So you were fulfilling a lifelong dream of going to the Olympic Games - and doing so in Atlanta, before a home crowd. Can you describe what that felt like? Did you participate in the opening ceremonies?
Since we competed two days later, our coaches kept us isolated-but I wanted so deeply to go to the opening ceremonies. I longed to be there with the other athletes. They were kicking off the Olympic Games in our country, and there's so much emotional momentum that you feel there. The opening ceremonies mark a special part of the Olympic Games for an athlete, and the coaches and federation should try to allow the athletes an equal opportunity to attend the event. I know I would have loved to have been there.
On the night of the opening ceremonies, the coaches had set a time when our lights had to be off, since we had morning training the following day. So I pretended that I had fallen asleep with the TV on, so that I could peek through one eye and watch the opening ceremonies. Then I saw Bela's feet beneath the doorway as he came to make sure I had gone to sleep. He knocked lightly and didn't hear anything, so he came in and I pretended I had fallen asleep with the television on. He peered over my bed and walked out. It was really strange, but that's my memory of the opening ceremonies.
However, although I was saddened to miss the opening ceremonies, I understood we had to rest for the competition two days later. And although I didn't get to experience the Olympic village or interacting with athletes from other sports in the cafeterias, I gained other experiences that I will treasure for the rest of my life, experiences that are extraordinary especially for a 14-year-old. I gained a bond with my teammates that will last a lifetime, and a record that my team accomplished that will be in the history books forever. That's extremely meaningful to me.
You were a member of the "Magnificent Seven" team that won the gold medal. Sometimes we see gymnastics teams, especially the women's teams, praying in the midst of competition. Did you pray together as a team?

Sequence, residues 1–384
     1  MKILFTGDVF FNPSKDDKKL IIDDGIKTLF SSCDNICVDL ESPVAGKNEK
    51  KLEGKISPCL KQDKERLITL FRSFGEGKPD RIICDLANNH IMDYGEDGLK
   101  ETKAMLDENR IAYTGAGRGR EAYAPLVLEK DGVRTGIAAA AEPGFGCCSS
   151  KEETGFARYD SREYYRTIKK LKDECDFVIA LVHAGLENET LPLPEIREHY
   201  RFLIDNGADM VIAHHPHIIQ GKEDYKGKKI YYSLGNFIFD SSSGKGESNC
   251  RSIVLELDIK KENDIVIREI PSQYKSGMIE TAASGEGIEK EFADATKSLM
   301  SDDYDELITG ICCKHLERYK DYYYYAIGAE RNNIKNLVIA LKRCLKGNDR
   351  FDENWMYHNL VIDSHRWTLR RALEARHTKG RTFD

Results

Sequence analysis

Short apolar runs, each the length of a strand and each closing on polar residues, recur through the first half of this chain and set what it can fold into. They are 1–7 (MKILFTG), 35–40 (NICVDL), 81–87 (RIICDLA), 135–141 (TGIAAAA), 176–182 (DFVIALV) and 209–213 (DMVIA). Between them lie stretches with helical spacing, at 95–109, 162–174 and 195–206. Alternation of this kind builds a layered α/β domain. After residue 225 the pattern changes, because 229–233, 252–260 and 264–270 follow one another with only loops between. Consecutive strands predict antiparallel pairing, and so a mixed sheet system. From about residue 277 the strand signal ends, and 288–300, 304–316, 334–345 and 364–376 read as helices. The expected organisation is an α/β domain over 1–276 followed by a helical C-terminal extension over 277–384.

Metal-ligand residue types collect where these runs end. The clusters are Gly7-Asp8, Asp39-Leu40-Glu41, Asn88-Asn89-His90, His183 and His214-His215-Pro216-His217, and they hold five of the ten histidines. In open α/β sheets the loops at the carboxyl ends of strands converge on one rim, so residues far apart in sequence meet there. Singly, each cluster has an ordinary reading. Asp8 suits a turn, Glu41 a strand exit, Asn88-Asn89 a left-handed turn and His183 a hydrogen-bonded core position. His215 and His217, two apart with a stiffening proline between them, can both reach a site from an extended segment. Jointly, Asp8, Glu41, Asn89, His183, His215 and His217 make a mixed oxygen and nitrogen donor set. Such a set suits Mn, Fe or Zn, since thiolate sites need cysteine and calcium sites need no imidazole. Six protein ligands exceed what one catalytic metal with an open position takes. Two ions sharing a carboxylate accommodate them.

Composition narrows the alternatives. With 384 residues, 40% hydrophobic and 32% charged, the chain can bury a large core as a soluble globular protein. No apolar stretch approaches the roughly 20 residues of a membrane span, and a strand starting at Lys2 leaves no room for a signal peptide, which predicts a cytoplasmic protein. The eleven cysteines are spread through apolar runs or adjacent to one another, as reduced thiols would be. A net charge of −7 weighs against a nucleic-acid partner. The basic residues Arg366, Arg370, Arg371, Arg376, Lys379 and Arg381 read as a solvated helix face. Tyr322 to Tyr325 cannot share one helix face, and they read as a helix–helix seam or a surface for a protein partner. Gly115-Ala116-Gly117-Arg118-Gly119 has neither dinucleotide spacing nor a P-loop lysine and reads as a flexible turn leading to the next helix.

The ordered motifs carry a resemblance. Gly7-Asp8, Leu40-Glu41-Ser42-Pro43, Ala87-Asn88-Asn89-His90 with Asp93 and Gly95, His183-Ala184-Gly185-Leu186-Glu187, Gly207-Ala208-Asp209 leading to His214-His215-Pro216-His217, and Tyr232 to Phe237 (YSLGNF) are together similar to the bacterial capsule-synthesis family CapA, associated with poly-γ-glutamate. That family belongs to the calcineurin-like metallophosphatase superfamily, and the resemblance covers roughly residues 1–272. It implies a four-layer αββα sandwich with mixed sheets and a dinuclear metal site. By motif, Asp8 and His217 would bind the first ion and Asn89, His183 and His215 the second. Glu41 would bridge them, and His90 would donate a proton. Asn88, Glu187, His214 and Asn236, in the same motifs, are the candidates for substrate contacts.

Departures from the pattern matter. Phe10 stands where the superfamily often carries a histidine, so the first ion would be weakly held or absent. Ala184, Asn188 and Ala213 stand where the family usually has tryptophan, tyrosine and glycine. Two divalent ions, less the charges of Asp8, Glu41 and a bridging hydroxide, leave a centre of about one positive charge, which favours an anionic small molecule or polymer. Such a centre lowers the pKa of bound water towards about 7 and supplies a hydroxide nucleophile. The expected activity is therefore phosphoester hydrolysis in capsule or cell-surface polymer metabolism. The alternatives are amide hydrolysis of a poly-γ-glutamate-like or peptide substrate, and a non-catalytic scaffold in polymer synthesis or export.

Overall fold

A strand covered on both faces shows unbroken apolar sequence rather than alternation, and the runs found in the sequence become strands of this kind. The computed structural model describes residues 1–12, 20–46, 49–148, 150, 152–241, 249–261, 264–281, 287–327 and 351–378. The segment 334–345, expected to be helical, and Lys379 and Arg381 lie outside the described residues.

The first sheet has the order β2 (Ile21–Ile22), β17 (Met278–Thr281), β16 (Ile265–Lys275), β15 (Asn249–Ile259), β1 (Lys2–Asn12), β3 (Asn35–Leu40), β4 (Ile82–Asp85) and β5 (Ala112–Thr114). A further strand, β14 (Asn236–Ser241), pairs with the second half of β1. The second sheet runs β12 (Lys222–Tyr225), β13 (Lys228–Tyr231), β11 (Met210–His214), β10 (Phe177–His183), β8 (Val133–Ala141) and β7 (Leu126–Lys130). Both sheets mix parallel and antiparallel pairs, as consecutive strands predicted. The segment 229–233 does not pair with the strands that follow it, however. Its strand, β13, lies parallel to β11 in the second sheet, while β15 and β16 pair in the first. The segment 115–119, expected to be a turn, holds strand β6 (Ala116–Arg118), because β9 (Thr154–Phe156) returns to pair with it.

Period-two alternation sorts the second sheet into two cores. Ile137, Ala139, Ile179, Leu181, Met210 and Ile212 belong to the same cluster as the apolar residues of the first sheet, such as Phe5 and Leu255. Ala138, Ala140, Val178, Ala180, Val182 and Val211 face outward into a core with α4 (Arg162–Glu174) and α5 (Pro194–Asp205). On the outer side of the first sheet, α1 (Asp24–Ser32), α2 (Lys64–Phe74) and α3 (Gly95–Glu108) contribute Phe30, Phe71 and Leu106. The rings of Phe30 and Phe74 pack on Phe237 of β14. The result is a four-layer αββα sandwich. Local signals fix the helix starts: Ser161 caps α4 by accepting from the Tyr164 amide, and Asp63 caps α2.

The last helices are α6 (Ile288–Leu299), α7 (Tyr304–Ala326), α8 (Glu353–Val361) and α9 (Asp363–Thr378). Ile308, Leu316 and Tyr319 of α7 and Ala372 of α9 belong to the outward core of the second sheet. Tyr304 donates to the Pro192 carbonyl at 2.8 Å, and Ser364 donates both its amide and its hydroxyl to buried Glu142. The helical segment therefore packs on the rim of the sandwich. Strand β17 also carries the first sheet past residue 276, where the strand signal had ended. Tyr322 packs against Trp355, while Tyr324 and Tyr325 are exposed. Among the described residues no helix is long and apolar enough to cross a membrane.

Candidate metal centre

Amanda Borden was our team captain and I knew that she had a strong faith. We would get together before the competition sometimes and she would say a little prayer and wish everyone luck. That was really nice. But actually during the competition, everyone was in their own zone and did whatever they needed to get them through.
Internally, I was constantly praying, because my warm-ups had not gone well. There's so much pressure, so before every routine I turned away and closed my eyes and went through my routine and asked the Lord to be with me and help me perform my best. Thankfully I did the best routines of my life on bars, beam and floor. I was very pleased with those events.
The final event in the team competition was the vault. How did you feel when you finished the event and learned that you had won the gold medal as a team?
To tell you the truth, I had mixed emotions. Of course, I had accomplished a lifelong goal. We were the first United States women's team to win the Olympic gold, and we're still the only US team to have done so. It was a major breakthrough for us, and we did it in front of 33,000 people chanting USA, USA in the Georgia Dome. The feeling, the tingling sensation throughout the body, was extraordinary.
In that sense, it was perfect, and there was extreme happiness. But there was also extreme sadness.
I had fallen on the vault. I was proud that I had done the three best routines of my life on the other events, but I was disappointed in myself for letting people down. I kept questioning why that had happened. I didn't realize this at the time, but they didn't need my score anymore. Even with my score, we would have won, which made me feel so much better when I found out. But at the time I was deeply disappointed in my last performance.
Jaycie Phelps, one of my teammates, pulled me aside when we were waiting in the back to march out to the podium to receive our medals. She asked me, "What are you crying for?" We had just achieved our lifelong goals, yet I was completely demoralized, completely disappointed in myself for that one error on the last event. You would think, when you have just won the gold, one single mistake wouldn't matter. But that's how much pressure I had on myself, the pressure to be perfect. It came from all different areas-from my coaches, from myself, from my father.